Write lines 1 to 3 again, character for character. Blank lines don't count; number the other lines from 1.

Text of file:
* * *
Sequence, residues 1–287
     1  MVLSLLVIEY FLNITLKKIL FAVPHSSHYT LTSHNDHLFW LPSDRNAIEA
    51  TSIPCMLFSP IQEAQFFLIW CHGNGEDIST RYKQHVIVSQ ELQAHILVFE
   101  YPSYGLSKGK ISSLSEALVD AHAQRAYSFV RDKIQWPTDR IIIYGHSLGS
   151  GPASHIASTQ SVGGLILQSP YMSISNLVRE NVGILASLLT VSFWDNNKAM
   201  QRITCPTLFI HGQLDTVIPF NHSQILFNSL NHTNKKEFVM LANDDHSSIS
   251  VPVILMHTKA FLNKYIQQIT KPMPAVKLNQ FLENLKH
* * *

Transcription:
Sequence, residues 1–287
     1  MVLSLLVIEY FLNITLKKIL FAVPHSSHYT LTSHNDHLFW LPSDRNAIEA
    51  TSIPCMLFSP IQEAQFFLIW CHGNGEDIST RYKQHVIVSQ ELQAHILVFE